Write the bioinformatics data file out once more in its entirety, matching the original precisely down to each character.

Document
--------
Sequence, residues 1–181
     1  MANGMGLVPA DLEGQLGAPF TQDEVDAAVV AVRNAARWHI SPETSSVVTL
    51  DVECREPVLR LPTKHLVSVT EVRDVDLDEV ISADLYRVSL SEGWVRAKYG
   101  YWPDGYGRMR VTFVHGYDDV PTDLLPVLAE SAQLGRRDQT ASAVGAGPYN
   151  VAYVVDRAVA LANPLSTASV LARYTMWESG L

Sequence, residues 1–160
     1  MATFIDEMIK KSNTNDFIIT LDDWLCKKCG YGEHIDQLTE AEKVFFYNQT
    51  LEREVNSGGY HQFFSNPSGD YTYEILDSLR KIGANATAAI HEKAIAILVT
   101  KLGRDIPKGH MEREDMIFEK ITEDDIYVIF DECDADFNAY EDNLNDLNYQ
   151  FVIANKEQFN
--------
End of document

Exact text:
Sequence, residues 1–181
     1  MANGMGLVPA DLEGQLGAPF TQDEVDAAVV AVRNAARWHI SPETSSVVTL
    51  DVECREPVLR LPTKHLVSVT EVRDVDLDEV ISADLYRVSL SEGWVRAKYG
   101  YWPDGYGRMR VTFVHGYDDV PTDLLPVLAE SAQLGRRDQT ASAVGAGPYN
   151  VAYVVDRAVA LANPLSTASV LARYTMWESG L

Sequence, residues 1–160
     1  MATFIDEMIK KSNTNDFIIT LDDWLCKKCG YGEHIDQLTE AEKVFFYNQT
    51  LEREVNSGGY HQFFSNPSGD YTYEILDSLR KIGANATAAI HEKAIAILVT
   101  KLGRDIPKGH MEREDMIFEK ITEDDIYVIF DECDADFNAY EDNLNDLNYQ
   151  FVIANKEQFN